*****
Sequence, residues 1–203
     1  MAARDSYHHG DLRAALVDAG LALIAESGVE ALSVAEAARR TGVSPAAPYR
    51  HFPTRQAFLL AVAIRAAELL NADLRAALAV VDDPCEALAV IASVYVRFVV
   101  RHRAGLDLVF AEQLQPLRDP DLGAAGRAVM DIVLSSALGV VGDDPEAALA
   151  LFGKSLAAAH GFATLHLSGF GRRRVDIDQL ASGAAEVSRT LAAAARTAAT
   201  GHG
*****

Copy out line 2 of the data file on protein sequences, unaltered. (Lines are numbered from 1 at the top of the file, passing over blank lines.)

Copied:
     1  MAARDSYHHG DLRAALVDAG LALIAESGVE ALSVAEAARR TGVSPAAPYR